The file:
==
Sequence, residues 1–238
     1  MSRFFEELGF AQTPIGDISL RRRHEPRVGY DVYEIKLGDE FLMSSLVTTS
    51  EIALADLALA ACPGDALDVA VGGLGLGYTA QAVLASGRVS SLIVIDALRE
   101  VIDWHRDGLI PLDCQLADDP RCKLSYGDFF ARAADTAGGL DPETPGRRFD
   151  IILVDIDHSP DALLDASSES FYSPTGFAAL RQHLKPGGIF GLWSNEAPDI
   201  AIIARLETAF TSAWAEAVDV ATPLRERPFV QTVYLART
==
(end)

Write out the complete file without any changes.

Sequence, residues 1–238
     1  MSRFFEELGF AQTPIGDISL RRRHEPRVGY DVYEIKLGDE FLMSSLVTTS
    51  EIALADLALA ACPGDALDVA VGGLGLGYTA QAVLASGRVS SLIVIDALRE
   101  VIDWHRDGLI PLDCQLADDP RCKLSYGDFF ARAADTAGGL DPETPGRRFD
   151  IILVDIDHSP DALLDASSES FYSPTGFAAL RQHLKPGGIF GLWSNEAPDI
   201  AIIARLETAF TSAWAEAVDV ATPLRERPFV QTVYLART